To learn more about CEMA and CEMA’s Safety Labels click this link to view CEMA’s Conveyor Safety Page
ANSI Z535.4 2002 encourages the use of safety symbols that communicate a comparable message to the worded message on the sign or label. The safety symbol when selected properly, should identify:
- The hazard.
- Identify a means of avoiding the hazard.
- Or identify the consequences of not avoiding the hazard.
The safety symbol should clarify or reinforce the worded message on the label. There are four types of safety symbols used on ANSI Z535.4 2002 compliant product safety labels. When using safety symbols to comply with ANSI, the symbol can be black on a white background, other colors may be used, like safety red for fire related symbols, and so on.
To comply with both ANSI Z535.4 and ISO 3864, then the following applies, ISO 3864 2002 standards required that all of the safety symbols used on international product safety labels be within a surround shape, yellow equilateral triangle with black inner border for hazard alerting symbols, blue circle for mandatory actions, and red circle with 45° degree slash for prohibition symbols. ANSI Z535.4 2002 does not require the use of a yellow equilateral triangle or the mandatory surround shape but, it does recognize it and permits its use.
Click on this link to view ANSI Z535 & ISO 3864-2 Safety Symbol Classification Click on this link to view Conveyor Safety Symbols Database
Safety Label: Letter Size Legibility
Determining the safe viewing distance of a sign depends upon many factors:
- type font and visual acuity.
Other factors to consider in determining sign size include:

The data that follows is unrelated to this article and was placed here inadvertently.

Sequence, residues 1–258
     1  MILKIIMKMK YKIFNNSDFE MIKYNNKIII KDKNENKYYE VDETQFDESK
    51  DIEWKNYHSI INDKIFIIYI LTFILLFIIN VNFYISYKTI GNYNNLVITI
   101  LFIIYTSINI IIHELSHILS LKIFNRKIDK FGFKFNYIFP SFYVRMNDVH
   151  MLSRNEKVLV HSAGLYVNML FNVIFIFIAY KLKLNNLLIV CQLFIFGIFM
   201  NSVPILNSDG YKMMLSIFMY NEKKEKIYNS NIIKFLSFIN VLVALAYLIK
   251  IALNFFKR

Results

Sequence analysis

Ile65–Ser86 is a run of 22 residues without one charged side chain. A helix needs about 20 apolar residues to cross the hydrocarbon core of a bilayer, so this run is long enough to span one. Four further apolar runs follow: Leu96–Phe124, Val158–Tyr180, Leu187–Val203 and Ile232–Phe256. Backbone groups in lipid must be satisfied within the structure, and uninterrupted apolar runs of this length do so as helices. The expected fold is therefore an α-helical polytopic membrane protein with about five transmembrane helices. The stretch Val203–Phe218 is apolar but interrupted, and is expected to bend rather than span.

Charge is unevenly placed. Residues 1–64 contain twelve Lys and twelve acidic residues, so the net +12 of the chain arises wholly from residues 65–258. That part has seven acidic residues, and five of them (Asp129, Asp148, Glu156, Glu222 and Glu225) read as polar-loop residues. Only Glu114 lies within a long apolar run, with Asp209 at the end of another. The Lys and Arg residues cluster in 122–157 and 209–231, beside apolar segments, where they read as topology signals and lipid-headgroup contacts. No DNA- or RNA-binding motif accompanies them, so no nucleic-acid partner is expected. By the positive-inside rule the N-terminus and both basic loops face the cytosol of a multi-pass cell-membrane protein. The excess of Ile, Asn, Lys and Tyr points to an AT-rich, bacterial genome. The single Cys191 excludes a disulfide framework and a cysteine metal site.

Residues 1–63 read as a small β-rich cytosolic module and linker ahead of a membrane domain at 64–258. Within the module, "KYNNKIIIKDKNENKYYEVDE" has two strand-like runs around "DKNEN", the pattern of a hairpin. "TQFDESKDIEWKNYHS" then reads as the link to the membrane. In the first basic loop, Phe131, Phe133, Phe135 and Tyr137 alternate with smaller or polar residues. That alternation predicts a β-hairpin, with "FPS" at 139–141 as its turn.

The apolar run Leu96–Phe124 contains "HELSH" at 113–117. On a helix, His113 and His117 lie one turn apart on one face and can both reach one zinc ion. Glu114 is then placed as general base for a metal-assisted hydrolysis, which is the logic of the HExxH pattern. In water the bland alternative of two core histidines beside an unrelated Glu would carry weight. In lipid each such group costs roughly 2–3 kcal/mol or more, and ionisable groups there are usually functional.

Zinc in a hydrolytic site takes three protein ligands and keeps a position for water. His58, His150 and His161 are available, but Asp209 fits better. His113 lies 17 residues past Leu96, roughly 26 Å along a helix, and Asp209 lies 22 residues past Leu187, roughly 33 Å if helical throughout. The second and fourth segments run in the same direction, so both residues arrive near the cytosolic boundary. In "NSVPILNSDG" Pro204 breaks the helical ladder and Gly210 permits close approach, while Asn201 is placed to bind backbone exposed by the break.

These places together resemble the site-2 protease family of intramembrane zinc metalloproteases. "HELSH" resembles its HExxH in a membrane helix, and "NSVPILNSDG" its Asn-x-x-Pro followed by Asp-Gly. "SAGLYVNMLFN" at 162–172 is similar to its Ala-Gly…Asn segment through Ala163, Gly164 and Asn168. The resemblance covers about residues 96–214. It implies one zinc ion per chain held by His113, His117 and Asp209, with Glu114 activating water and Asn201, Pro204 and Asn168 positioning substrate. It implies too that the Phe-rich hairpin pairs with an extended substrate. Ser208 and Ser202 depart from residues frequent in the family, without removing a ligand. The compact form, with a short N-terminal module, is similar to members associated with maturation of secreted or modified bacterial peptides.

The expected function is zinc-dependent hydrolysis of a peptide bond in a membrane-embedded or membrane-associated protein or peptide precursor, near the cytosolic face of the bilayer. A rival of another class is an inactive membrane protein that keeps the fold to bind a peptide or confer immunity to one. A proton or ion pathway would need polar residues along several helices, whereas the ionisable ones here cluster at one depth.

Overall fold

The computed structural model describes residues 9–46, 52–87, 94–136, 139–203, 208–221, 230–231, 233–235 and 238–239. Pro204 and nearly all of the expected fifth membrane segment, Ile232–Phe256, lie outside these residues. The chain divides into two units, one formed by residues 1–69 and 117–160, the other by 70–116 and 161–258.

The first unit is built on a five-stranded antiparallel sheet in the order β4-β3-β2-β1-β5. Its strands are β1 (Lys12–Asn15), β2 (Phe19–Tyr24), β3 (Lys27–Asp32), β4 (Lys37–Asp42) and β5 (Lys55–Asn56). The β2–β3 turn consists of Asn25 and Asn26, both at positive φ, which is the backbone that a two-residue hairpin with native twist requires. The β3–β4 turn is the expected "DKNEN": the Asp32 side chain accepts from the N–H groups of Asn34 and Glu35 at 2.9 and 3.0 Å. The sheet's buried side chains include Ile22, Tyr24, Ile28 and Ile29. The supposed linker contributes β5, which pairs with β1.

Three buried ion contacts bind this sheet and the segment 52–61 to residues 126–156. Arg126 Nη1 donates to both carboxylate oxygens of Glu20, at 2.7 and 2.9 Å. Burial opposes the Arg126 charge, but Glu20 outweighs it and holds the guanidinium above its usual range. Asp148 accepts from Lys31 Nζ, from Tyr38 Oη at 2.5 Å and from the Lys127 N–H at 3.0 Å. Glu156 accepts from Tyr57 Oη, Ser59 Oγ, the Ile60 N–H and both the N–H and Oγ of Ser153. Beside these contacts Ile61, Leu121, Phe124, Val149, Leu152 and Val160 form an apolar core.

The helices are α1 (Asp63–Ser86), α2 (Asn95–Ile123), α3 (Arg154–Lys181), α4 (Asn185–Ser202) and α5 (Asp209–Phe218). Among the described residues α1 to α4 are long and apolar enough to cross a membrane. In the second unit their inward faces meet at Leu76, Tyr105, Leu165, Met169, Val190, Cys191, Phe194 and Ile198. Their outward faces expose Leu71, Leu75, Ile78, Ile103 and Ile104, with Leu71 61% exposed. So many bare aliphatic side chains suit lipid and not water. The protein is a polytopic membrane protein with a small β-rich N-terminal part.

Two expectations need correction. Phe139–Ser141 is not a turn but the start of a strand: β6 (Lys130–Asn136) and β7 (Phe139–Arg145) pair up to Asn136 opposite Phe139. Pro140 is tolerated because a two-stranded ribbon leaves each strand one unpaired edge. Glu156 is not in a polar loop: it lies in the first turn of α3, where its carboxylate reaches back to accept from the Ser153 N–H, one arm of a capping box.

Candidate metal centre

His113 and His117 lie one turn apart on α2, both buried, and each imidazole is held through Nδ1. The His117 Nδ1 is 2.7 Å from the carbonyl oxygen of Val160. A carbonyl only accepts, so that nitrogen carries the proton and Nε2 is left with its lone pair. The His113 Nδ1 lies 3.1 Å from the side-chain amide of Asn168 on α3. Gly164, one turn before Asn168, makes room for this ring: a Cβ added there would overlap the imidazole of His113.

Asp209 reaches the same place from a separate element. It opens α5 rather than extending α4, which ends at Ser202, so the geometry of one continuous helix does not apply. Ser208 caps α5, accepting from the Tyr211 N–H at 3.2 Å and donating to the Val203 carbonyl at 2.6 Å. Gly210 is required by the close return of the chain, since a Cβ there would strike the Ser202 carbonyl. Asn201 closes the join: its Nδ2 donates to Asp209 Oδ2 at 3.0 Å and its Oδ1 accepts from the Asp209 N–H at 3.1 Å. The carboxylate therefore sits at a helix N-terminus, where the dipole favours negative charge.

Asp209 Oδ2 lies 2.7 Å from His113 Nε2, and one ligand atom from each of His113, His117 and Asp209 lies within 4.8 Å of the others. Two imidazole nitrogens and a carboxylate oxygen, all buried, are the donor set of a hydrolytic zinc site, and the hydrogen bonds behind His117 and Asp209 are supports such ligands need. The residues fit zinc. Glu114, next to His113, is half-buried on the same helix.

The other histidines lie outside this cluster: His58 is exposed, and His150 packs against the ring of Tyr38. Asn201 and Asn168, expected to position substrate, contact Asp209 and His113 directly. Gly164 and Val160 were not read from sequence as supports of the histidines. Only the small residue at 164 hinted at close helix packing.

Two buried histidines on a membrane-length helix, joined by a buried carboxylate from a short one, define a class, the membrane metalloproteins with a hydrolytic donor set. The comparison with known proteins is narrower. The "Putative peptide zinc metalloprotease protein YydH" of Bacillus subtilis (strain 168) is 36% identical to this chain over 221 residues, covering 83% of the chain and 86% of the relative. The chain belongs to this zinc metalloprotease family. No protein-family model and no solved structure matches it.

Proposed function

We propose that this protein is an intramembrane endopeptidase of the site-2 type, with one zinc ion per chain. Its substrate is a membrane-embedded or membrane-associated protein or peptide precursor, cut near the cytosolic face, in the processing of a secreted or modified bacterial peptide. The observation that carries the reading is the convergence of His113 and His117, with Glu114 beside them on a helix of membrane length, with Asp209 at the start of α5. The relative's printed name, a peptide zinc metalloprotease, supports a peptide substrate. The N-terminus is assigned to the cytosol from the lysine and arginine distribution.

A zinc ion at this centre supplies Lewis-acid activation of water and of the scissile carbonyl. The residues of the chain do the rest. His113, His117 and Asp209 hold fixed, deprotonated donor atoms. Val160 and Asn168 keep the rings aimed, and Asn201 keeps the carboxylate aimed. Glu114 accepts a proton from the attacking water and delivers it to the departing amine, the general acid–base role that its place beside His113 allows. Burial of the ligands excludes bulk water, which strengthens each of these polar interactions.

- the complexity of the message, the reaction time necessary and the angle the sign will be seen from.
- In many situations it is better to use multiple smaller signs that are strategically positioned than one large sign.
Many times letter size may need to be larger than the values shown on the graphic for a variety of reasons:
- To make the sign more noticeable from other information displayed in the area.
- To enable legibility under low light, or other poor viewing conditions.
- To alert people sooner than the minimum safe viewing distance.
- To convey special importance for portions of the message.
- To improve legibility for people who have vision problems with small text.
Example of text message letter heights and *minimum safe viewing distances.
* Minimum safe viewing distance refers to the closest distance a person can be to the label and still have time to follow the safety label's message to avoid the hazard.
Safety Labels: Recommended Label Placement
It is well recognized that in many instances, well designed and properly placed safety labels can increase operator and maintenance personnel awareness of the inherent hazards involved when working with machinery.
When installing labels on equipment we recommend to keep in mind the following criteria:
- Label needs to be readily visible to the target audience (personnel that will be in contact with the hazard)
- Label needs to alert the viewer to the hazard in time to take appropriate action.
- Labels are required to be applied on or adjacent to the area where the hazard is present.
- Labels are required to be permanently affixed to the equipment.
- Ensure that the surface to which the label(s) will be applied on is clean and free of dirt, dust, grease and moisture. If the surface is painted, ensure that the paint is dry.
- Press the label on after applying it to the surface. One or more passes over with a rag or roller will ensure that the label is completely glued on the surface and will not fall off.